Questions Raised About Wyclef Jean’s Yele Foundation


Immediately after the Haitian earthquake hit, Angelina Jolie and Brad Pitt announced

We are devastated by the news from Haiti. We will work closely with our good friend Wyclef Jean to support the humanitarian efforts on the island and help those who have been injured and left without homes and shelter.

A few hours laters, the philanthropic couple donated $1 million to Doctors Without Borders, which to my unschooled eye, seemed like a shift in plans from Wyclef Jean’s Yele Haiti foundation to a more esperienced relief organization.

Meanwhile, the Hollywood Foreign Press Association Foundation the charitable arm behind the Golden Globes, gave Wyclef Jean’s Yele Haiti $100,00 and by Friday afternoon through text and standard donations, Yele had raised $1.5 million for earthquake aid.

The Washington Post did some digging into Yele

[A]n analysis of the charity’s tax returns raises questions about how it has spent money in the past, with administrative expenses that appear to be higher than comparable charities and payments to businesses owned by the musician and a board member, including $100,000 for a performance by Jean at a 2006 benefit concert.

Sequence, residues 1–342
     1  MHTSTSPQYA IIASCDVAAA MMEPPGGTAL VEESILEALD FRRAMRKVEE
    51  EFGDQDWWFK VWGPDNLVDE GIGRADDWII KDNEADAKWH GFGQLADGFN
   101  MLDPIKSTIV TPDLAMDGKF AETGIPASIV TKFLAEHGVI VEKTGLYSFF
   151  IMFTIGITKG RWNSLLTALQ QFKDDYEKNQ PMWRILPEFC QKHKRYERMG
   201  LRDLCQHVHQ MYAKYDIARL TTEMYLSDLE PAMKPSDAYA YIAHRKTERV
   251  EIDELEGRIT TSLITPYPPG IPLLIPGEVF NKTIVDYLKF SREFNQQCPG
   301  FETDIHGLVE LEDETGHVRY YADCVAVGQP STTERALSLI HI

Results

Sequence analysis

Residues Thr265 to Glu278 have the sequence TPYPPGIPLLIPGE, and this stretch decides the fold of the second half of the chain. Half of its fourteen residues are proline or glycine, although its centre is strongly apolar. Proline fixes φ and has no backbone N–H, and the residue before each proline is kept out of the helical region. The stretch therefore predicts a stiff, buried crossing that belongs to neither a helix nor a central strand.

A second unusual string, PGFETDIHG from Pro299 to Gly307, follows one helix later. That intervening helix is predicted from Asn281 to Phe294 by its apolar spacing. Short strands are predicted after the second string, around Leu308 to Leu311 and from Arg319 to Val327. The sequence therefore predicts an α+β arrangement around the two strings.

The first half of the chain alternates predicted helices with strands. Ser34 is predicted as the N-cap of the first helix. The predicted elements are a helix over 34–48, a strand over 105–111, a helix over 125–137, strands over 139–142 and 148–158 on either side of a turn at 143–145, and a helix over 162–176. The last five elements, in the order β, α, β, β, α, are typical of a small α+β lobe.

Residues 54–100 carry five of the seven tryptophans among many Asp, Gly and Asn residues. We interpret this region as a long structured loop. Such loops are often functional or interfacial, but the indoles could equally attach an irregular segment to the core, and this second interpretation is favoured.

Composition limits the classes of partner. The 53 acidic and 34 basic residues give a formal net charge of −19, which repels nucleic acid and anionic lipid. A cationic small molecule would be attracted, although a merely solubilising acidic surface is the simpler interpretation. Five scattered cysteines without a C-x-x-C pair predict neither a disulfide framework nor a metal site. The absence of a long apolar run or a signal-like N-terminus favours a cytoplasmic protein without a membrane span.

But Hugh Locke, president of Yele Haiti, says

the charity does what others can’t, because Jean gives it unusual access to the country’s slums. He said the group hopes to spend a higher percentage of its budget on services as it gains experience. “I think people should be very comfortable that any money given to Yele Haiti is going 100 percent to emergency relief.”

People need to decide for themselves if they want to be on the supply side of charity’s learning curve. In the past Yele has provided food and water for 6,000 residents  after a horrific storm, along with providing scholarships, funding a soccer team, taking students on environmental-education camping trips and employing women to cook for schools. Their high profile in this crisis has put a focus on them like none before.

I donated to the Red Cross and then, through one of my faith based groups, gave a small donation directly to a Vodou peristyle which is working in their immediate neighborhood of Mariani, Haiti which is  501 (c) 3 foundation. If you can’t trust the Supreme Servitor of Vodou in Haiti and around the world, really then who can you trust?

By sticking with charities you know, who are experienced in disaster relief, and/or with whom you  have dealt in the past, you can insure your relief aid goes where it is needed most.

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Lisa Derrick

Lisa Derrick

Los Angeles native, attended UC Berkeley and Loyola Marymount University before punk rock and logophilia overtook her life. Worked as nightclub columnist, pop culture journalist and was a Hollywood housewife before writing for and editing Sacred History Magazine. Then she discovered the thrill of politics. She also appears frequently on the Dave Fanning Show, one of Ireland's most popular radio broadcasts.